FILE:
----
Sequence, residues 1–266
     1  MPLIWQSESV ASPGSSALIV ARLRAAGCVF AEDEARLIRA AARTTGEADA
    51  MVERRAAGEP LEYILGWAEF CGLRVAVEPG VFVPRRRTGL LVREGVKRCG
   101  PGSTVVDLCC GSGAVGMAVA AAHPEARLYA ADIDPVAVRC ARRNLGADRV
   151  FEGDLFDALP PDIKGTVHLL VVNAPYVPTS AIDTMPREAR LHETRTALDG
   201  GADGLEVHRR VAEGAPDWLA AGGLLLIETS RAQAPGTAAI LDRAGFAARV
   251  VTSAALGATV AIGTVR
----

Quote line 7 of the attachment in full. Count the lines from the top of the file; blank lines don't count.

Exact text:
   251  VTSAALGATV AIGTVR